Let's replace obsession with Vera-Otile drama with candid talk on teenage sex

Friday November 23 2018

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I admit – I was one of the people reading, and sharing, Vera Sidika's infamous posts on Monday.

I will confess today. I was relishing the descriptions and the drama, and passing it on to other people who too could enjoy the descriptions and the drama.

I will also admit that I really don't like it when people share private phone or DM conversations on a public timeline. It smacks of a very specific type of betrayal; this person was being open with you, or disclosing information that they trusted would not get out. Instead, their business is out in the open. And if you know you're going to put their messages up, of course, you're not going to respond the way you usually would (you'll be acting up while they'll be keeping it real) – but you have not given them that opportunity. That's not fair.

That being said, regardless of the ethical questions behind whether or not to share conversations you had with your ex, the messages were indeed out there, and they blew up on social media, obviously.

Everyone loves a little salaciousness. And while I did agree with Vera – listening to your partner's needs and wants is essential in a relationship – I was even more curious about the number of Kenyans who were actively followed the resolution and or commentary of this major timeline event.

Hot on the heels of this scandal came the Lyle story – the chap who disappeared for a few hours over the weekend and then his girlfriend put out a notice saying he was missing, throwing many people into a panic. Turns out, he was just drinking at some girl's house. Vera has it right – communication is so important, in every relationship.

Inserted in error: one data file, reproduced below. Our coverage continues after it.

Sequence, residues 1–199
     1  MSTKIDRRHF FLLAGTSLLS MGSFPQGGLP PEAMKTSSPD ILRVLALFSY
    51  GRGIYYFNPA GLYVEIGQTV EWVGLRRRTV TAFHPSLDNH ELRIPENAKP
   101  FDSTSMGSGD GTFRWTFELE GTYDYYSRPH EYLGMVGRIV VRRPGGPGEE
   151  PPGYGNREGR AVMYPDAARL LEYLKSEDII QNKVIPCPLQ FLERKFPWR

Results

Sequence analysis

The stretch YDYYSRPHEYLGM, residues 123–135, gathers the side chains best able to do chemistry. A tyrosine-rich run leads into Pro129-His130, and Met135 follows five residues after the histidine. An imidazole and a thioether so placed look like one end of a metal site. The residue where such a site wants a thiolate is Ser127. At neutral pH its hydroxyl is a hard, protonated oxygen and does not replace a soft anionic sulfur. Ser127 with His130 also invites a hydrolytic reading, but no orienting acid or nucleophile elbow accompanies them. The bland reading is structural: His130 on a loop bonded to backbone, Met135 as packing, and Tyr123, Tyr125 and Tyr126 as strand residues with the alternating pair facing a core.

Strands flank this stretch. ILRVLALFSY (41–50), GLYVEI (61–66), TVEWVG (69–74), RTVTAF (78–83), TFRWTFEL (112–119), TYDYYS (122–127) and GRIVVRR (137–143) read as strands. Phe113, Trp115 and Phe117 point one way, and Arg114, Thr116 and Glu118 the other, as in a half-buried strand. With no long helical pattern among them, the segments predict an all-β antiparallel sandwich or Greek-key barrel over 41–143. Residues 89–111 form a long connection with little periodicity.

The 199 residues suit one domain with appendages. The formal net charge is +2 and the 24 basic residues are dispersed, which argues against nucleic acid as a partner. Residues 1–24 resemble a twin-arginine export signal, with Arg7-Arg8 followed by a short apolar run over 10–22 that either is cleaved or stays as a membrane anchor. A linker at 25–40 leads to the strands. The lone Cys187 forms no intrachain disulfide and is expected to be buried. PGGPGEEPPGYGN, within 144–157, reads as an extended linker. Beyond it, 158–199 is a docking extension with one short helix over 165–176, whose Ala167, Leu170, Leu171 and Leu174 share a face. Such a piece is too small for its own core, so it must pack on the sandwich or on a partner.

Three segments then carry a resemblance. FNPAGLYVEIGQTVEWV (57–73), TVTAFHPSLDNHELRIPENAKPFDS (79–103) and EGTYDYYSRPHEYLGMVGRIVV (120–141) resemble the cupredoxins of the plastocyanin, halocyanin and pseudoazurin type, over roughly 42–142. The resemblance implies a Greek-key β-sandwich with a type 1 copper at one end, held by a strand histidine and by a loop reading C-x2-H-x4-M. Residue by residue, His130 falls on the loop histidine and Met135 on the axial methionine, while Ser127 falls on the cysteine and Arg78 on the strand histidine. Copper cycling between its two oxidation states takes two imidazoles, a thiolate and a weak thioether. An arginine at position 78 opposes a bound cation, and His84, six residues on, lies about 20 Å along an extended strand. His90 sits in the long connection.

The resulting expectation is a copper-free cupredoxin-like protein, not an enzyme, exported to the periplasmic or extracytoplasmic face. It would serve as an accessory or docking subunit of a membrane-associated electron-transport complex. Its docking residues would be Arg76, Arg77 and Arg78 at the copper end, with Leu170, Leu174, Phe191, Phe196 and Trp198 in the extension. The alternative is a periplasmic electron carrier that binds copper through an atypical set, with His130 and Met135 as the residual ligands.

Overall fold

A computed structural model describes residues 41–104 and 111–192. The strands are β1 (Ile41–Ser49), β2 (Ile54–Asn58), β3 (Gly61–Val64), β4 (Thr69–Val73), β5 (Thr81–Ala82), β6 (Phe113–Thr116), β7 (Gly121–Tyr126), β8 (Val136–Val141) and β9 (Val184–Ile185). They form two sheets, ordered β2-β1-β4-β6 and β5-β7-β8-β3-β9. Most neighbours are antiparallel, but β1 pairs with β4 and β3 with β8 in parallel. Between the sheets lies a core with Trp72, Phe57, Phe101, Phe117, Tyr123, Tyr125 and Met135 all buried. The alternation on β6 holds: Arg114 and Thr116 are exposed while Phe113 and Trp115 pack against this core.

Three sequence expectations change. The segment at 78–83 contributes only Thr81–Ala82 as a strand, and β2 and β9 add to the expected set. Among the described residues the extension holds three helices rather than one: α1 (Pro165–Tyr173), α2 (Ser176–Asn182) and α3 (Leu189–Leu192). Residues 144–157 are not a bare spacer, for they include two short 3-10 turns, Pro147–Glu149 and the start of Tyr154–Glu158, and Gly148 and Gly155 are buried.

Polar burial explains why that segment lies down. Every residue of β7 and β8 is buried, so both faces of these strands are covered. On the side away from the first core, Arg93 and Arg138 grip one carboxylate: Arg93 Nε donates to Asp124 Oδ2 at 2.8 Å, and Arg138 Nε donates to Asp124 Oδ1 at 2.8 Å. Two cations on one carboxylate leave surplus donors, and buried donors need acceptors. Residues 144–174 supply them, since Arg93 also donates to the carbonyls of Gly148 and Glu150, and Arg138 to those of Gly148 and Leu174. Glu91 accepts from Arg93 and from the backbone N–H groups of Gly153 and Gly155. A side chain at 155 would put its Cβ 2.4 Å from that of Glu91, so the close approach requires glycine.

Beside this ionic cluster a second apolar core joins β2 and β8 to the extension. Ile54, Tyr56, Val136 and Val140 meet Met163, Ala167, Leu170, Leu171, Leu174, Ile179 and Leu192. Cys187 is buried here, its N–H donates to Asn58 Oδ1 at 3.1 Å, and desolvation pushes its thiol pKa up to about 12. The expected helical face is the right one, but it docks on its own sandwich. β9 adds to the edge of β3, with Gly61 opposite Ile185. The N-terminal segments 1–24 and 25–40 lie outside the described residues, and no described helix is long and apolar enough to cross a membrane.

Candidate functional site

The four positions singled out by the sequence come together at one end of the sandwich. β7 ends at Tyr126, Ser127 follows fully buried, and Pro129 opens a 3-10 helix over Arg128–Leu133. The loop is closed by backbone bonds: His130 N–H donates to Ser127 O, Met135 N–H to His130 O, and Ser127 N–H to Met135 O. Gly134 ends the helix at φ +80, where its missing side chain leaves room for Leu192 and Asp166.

But once again, I was befuddled at how many people had opinions for something that is supposedly so taboo. Kenyans want to talk about sex – who is having it and who has been busted doing it, but no one is willing to have the very real conversations concerning all parties having sex.

I am talking about basic conversations, like with your children, who are having sex much earlier in life, or conversations with your legislature, who are perfectly willing to ban abortions but not take care of the children born from mothers who did not have that choice.

We can't be here sanctimoniously saying that no one should have an abortion, without thinking of the main problem first – that someone is having sex with teenagers in the first place, which accounts for almost a fifth of unplanned pregnancies.

There are definitely bigger problems at hand – we're plagued with corruption, scandals, an economic crisis, among other things – but as a first step, can we, at least, be honest about who we are as a people, even, instead of acting like sex and all things surrounding it are sins to not be accessed till marriage?

We're not ostriches. Let's stop behaving like them.

Twitter: @AbigailArunga